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What happens when Hindustani Classical meets Deep House? Delhi-based musicians Aniket and Aaromal show us with their genre-bending single Mann

R. R. Rozario
R. R. Rozario Features

At the dawn of the new millennium Bruno Reuter released a new age album, so popular that listeners rushed out to buy new amplifiers and speakers just so they could enjoy his sounds to their fullest. The haunting power behind his compositions can never be forgotten; The flutes, violins, the sitar, the lyrics, the arrangements and the juxtaposition of classical Indian elements to western, including electronic sounds, opened us to a form of music previously unimagined by mass audiences. Originally intended as meditative music, the album quickly transcended the tag and was played continuously at restaurants, lounges, coffee shops, sometimes even heard blasting from vehicles cruising up and down Mumbai’s seaside localities. Bruno Reuter was best known by his Osho-given name Karunesh.

Today, after over two decades, I am introduced to two young musicians from Delhi, Aniket Jain and Aaromal Rajendrababu. Their new single Mann, though starkly different from Karunesh, reminds me of an era gone by; Of Claude Challe and Raymond Vișan’s efforts to popularise world music and bring a wide variety of Eastern elements to Parisian popular culture and urban experiences.

Mann features the vocals of classically trained Carnatic singer Aaromal set to the ambient massiveness of composer and multi-instrumentalist Aniket’s eclectic composition.

“Interestingly, half the percussion sounds you’ll hear in the song are actually me playing on a table-top with my hands. Sometimes I’d even record myself tapping on my phone. They are uniquely organic sounds and I reckon, apt for the Lo-Fi vibe of the song.” Aniket begins ecstatically.

He isn’t wrong here. Whether one listens to Mann on a set of Yamaha speakers or on one’s mobile phone, one can’t help but notice these uniquely prominent taps. 


“I was playing something nondescript on the piano once and ended up sending it to Aaromal, one of the main Indian vocalists in our college. He really took to the chilled house vibe and thus our journey began.”

Aaromal chips in, “Aniket and I, through our discussions, discovered we had that in common; Electronic music. In fact, we are bandmates and a part of a fusion endeavour. I’m also into dancing and that’s where I get my love for electronic music. In a nutshell, that’s the story behind our collaboration!”

According to the duo, Mann is about those emotions we’ve all felt being trapped indoors during the lockdown. The words dawned on Aaromal one night, while he was struggling with his own thoughts. This formed the theme of the song.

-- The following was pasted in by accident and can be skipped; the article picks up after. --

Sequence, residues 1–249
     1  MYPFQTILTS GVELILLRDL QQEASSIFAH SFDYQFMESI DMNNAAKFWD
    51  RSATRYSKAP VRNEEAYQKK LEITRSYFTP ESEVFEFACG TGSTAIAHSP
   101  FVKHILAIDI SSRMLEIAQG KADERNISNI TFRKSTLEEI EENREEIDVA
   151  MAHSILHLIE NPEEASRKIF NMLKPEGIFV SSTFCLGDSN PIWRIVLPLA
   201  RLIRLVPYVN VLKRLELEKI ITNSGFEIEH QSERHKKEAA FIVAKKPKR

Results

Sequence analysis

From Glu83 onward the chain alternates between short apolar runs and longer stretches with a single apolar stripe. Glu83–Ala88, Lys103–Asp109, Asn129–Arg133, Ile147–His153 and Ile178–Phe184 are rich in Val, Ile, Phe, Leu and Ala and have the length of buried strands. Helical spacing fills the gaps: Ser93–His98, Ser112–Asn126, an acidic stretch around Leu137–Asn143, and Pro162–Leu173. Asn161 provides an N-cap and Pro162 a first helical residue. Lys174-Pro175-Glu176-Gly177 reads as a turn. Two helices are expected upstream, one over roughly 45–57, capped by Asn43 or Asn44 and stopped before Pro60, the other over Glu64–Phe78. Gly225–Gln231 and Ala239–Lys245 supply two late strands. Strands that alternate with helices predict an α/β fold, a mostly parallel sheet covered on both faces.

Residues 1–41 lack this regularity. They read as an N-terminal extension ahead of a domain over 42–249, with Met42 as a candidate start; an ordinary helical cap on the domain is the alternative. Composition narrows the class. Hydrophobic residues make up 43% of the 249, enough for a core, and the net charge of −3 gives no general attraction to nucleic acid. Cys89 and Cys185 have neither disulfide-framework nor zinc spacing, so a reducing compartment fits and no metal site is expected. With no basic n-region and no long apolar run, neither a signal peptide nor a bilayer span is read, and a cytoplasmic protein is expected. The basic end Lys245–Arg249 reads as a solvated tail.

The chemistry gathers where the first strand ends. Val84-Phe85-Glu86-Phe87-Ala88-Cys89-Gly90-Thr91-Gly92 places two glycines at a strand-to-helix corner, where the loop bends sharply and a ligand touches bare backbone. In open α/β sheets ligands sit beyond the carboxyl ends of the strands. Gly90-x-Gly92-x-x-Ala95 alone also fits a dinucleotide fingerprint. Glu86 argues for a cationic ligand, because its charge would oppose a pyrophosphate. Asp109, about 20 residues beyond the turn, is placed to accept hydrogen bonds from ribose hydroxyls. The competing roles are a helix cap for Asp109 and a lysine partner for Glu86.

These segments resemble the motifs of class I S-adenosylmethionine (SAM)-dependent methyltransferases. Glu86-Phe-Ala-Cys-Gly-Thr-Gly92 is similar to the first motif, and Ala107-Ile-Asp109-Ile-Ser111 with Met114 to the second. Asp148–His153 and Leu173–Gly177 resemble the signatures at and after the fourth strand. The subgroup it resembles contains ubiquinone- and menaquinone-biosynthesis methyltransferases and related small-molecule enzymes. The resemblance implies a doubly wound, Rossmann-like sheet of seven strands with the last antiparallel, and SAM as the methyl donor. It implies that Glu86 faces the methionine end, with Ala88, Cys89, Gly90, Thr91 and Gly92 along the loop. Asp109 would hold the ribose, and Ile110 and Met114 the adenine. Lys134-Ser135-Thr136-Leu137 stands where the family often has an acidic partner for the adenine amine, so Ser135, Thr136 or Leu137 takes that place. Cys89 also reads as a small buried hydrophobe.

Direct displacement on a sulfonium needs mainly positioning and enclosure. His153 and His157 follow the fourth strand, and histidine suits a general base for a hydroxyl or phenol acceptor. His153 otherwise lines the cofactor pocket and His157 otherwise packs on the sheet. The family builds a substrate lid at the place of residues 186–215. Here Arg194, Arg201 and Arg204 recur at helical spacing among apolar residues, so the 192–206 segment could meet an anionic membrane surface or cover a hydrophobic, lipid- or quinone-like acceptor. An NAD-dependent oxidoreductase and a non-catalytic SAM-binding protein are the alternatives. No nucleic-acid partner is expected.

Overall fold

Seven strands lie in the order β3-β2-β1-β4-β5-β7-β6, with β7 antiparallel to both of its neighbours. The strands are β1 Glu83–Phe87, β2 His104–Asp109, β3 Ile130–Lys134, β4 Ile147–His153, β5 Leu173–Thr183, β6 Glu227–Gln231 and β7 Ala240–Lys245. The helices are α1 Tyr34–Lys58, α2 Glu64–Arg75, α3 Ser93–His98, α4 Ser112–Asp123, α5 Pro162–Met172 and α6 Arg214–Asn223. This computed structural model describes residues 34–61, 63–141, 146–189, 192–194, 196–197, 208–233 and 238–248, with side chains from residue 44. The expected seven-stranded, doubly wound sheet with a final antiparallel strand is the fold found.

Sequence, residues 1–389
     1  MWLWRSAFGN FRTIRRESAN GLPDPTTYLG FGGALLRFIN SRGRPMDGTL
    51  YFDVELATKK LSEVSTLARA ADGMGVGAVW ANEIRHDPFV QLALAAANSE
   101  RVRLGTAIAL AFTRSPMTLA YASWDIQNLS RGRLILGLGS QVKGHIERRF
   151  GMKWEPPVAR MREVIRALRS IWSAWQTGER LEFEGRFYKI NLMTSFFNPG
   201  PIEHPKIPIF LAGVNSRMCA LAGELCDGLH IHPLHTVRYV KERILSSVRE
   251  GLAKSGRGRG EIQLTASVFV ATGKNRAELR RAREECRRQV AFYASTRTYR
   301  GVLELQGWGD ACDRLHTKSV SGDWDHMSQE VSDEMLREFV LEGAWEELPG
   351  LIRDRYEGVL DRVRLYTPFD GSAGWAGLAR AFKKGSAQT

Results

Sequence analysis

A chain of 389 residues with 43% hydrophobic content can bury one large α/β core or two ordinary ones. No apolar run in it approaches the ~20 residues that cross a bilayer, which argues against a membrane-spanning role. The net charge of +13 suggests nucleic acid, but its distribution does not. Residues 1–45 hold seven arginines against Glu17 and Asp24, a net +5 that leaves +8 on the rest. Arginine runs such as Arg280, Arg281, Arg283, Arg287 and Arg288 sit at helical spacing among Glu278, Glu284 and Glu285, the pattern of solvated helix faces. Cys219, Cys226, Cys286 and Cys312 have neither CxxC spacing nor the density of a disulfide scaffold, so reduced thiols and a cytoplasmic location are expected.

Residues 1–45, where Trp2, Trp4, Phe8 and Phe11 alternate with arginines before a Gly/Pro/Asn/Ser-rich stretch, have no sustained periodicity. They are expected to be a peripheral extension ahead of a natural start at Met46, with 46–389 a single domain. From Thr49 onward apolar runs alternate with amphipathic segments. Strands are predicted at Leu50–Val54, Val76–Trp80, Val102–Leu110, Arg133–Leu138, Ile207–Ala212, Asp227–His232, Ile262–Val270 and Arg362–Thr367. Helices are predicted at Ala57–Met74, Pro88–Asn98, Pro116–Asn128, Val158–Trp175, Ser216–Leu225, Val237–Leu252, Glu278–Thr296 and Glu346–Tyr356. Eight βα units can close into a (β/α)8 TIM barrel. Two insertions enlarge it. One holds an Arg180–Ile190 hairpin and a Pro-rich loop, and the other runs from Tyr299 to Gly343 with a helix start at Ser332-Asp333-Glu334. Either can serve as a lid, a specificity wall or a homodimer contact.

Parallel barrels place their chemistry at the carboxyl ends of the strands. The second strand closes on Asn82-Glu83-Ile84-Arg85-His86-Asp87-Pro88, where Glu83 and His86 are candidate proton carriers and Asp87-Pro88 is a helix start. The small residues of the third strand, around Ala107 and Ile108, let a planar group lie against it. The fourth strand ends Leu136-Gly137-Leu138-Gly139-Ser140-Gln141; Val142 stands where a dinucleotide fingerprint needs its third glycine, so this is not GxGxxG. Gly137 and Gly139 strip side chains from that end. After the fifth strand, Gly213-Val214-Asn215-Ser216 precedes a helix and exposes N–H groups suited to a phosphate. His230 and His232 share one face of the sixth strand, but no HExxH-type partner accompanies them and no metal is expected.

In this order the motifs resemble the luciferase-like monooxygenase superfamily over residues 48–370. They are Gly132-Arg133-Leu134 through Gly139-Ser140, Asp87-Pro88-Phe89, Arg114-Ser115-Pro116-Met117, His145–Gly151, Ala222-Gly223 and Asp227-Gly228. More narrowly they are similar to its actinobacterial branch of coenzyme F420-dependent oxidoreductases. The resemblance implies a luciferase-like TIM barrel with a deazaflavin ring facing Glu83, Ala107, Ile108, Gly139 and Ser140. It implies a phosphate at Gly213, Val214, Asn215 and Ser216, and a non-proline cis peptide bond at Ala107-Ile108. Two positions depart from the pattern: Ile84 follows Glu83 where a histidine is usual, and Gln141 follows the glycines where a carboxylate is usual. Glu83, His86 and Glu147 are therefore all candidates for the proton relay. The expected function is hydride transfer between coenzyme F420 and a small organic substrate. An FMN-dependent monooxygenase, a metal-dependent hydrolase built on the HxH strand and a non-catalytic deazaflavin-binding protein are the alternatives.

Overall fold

Though Aaromal and Aniket have collaborated before, it is the first time they have put something out into the world together. There was a certain level of confidence with Mann. For the duo who were involved deeply in the live Indie scene in Delhi, the lockdown has had opposing effects on each of them. While Aniket has gained clarity and actually finds the experience wonderful (He tells me he’s grown so much and his entire process of how he crafts a song has developed), Aaromal is still waiting for a similar dawning.

“My lyrics are an expression of what I was going through in 2020. I’m still in the process of finding that post-lockdown clarity that many others have. Hence, from my standpoint, the song is a direct reference to the innumerable of sleepless nights I’ve had during the lockdown, rife with thoughts and uncertainty.” Aaromal declares.


With the soundtrack, Aniket wanted to do something with a seasoned touch.

“I don’t know why I’m so inclined to lo-fi sounds, it maybe because my music isn’t very high energy. Its intention is more to calm the listener than to pump them with energy. For that reason, lo-fi sounds work well for me. If you notice, even those who dance to house music, do so casually.”

As fate had it, the undertaking turned out to be more unfortunate than arduous, with Aniket’s computer crashing two months ago and him having to redo everything from scratch. But he’s more than positive about the ill-fated event than ever.

“It actually turned out to be blessing in disguise, because this time around we could reflect and take time away from our creation. I would say the new version turned out a hundred times better!”

The responses to Mann have been overwhelming with many listeners being able to relate to this song, not only because of the lockdown but at other times in their life too.

“We’ve been getting messages ever since we’ve released the song about how people can relate to the lyrics regardless of whether they’re in a good mood or a bad one, or whether they’re happy or sad.” Aaromal gushes.


Listen on Apple Music